proc sort data=student_name;

   by ID;

run;

Since this is a comma-delimited (CSV) file, you use the DSD option on the INFILE statement. Because the Name variable contains both a first and last name, the SCAN function is used to extract the last name (so that it can be used later to provide a roster in alphabetical order by student last name). For those of you who are interested in the programming details, the SCAN function takes a character value and breaks it apart into “words.” Words is in quotes since you can specify delimiters other than blanks when using this function. The first argument of the function is the string you want to parse (take apart); the second argument is which word you want. If you use a negative number for this argument, the function scans from right to left. That is particularly useful when you have a first name, possibly a middle initial, followed by a last name. The right-most word is always the last name. The third argument to the SCAN function is a list of delimiters. In this example, you want to treat blanks as word delimiters. One final word about the SCAN function: If you don’t define a length for the word you are extracting from the character value, SAS assigns a default length of 200. Therefore, whenever you use this function, you want to use a LENGTH statement to assign a length to the extracted word.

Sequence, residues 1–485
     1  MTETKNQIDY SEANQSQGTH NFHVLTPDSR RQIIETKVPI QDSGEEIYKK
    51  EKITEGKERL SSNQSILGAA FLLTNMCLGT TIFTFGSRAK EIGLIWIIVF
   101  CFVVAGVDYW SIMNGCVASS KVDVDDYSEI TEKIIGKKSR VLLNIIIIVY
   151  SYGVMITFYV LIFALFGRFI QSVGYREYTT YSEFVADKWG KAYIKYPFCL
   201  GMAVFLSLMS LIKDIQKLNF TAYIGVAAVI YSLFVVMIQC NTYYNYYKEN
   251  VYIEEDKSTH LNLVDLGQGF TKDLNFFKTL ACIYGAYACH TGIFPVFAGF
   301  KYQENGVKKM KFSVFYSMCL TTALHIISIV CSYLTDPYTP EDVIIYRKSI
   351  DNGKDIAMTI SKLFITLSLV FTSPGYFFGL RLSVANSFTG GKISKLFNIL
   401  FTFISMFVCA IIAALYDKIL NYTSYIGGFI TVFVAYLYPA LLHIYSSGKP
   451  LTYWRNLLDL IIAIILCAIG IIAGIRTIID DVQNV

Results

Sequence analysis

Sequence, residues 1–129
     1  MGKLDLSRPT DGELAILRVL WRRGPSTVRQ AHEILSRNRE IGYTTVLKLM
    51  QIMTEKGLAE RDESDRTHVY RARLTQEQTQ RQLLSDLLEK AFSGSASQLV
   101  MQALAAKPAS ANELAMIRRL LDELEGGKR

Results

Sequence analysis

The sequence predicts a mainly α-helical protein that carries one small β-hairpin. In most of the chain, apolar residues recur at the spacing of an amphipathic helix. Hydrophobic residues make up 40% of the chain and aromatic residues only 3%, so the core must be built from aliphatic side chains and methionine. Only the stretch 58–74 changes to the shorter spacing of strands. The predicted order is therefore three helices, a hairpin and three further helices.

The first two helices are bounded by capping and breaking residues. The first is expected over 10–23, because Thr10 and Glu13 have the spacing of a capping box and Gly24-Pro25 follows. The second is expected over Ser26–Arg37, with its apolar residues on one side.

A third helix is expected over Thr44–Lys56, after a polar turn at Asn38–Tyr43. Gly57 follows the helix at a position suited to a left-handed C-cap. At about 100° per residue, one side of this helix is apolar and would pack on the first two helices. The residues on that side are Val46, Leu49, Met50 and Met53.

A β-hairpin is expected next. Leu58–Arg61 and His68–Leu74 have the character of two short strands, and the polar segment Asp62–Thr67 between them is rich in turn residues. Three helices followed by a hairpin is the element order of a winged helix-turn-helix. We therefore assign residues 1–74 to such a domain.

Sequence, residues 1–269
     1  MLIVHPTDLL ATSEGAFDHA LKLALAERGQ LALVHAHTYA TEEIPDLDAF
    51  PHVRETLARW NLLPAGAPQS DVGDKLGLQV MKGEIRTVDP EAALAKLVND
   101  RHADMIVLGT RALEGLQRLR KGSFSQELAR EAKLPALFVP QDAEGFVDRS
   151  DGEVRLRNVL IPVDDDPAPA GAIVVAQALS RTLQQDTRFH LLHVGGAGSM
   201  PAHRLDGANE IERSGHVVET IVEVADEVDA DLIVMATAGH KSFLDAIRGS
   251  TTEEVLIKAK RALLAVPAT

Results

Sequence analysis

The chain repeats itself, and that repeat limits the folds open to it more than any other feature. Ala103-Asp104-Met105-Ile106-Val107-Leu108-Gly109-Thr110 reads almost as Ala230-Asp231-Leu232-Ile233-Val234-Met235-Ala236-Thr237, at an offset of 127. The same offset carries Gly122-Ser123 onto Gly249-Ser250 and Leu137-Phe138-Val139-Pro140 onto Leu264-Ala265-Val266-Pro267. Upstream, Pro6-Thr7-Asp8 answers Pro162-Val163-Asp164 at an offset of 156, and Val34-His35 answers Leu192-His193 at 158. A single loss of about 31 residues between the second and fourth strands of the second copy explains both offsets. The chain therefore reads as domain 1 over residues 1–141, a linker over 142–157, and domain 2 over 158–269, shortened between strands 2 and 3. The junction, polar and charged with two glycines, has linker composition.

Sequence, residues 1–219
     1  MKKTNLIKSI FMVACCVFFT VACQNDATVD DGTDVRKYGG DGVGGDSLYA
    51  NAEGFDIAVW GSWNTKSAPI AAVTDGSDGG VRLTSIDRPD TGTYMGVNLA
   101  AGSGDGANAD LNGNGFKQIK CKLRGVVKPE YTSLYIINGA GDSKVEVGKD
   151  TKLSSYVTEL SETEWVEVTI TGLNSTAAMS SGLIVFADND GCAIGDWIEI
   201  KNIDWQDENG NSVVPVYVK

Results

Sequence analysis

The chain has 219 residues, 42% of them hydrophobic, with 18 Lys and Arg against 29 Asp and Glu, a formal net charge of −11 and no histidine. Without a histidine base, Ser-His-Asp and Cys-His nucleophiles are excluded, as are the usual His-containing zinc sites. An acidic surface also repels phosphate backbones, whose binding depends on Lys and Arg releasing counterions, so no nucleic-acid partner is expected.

You use PROC SORT to sort the student data set in ID order. The BY statement tells the sort which variable or variables you want to use for the sort.

Here is a listing of the student data set:

Output from Program 2.9

image

You now have a SAS data set containing the student’s first name, ID, and last name.

You can merge it with the student roster data stored in the data set SCORE. Here is the program:

Program 2.10: Adding Student Names to the Roster

data roster_with_names;

   merge score(keep=ID Raw Percent in=in_score) student_name;

   by ID;

   if in_score;

run;

proc sort data=roster_with_names;

   by Last_Name;

run;

title "Listing of Roster with Names";

proc print data=roster_with_names;

   id Name;

   var ID Raw Percent;

run;

The DATA step uses a MERGE statement to add the student names associated with each student ID. Because the STUDENT_NAME data set may contain names and IDs of student who did not take the test, you use the IN= data set option to create a temporary variable called IN_SCORE. This variable has a value of true whenever the merge operation finds an ID in the SCORE data set and of false otherwise. The result is a listing of all the students who took the test, along with their names.

Once the merge is completed, you re-sort the data set so that the final listing is ordered by last name. You now have a listing that looks like this:

Output from Program 2.10

image